• I realise that the low response rate to the survey means that meaningful statistical tests cannot be performed, but it would be useful to see the response numbers.

• “One unexpected finding from the focus group was the opportunity for participants to reflect on their own clinical…” Why would this be unexpected? I would have thought that the main point of the session was exactly for them to reflect on and alter their approaches.

So, a useful study, and the results point to further paths to be followed, but the writing of the paper needs to be addressed.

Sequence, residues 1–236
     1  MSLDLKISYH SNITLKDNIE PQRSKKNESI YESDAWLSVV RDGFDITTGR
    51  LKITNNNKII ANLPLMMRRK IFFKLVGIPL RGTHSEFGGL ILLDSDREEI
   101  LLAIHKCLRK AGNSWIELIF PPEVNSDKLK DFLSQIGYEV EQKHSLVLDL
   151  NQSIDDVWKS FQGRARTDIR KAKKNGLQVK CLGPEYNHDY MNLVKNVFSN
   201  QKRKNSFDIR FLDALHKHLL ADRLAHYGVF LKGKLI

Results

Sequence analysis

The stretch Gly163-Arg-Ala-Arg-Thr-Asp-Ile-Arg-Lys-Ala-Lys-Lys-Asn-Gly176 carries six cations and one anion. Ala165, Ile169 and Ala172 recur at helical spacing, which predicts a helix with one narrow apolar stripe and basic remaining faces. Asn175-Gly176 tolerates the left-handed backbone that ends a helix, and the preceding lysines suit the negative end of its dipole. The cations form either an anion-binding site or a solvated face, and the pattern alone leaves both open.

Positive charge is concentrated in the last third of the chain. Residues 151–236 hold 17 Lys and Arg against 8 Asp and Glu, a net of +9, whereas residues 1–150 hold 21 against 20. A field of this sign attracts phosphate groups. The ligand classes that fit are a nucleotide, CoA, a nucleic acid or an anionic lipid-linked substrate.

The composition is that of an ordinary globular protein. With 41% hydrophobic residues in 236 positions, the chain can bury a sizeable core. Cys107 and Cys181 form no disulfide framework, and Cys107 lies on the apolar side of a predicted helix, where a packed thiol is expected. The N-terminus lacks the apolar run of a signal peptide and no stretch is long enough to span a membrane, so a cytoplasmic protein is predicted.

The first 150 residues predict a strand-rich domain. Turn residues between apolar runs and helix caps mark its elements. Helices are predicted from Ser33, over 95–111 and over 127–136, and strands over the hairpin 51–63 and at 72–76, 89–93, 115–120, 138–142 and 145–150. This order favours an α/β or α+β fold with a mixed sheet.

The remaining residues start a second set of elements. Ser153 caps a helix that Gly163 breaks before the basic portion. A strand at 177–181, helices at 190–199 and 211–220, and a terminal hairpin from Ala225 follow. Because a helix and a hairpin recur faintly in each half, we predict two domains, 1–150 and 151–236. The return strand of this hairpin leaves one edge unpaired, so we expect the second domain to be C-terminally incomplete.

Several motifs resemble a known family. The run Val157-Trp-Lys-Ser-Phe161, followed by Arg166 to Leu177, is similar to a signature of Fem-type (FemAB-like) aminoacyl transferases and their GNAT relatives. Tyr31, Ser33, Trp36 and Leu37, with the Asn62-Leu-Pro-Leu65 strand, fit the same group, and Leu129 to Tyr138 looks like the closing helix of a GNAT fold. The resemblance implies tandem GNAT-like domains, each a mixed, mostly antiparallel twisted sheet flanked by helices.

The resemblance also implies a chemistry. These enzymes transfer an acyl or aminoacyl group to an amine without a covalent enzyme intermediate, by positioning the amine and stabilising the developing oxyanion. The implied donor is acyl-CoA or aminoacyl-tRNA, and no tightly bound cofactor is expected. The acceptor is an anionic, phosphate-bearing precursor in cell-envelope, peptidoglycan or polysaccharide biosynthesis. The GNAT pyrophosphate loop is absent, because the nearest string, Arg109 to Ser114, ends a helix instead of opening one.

Possible Conflict of Interest:

For transparency, I am an Associate Editor of MedEdPublish. However I have posted this review as a member of the review panel with relevant expertise and so this review represents a personal, not institutional, opinion.

Alice Fornari - (13/06/2019)
Thank you for contributing to the field of health humanities by including narrative and story telling a pediatric curriculum. Appreciate the appendices included to allow duplication of this effort at one's own institution with any group of clinical learners. Very useful to promote qualitative research core to this type of education. Your conclusions are very on target. The necessary simplicity of this curriculum to be realistic is valuable to medical educators who might experience barriers. Your reference list is useful too.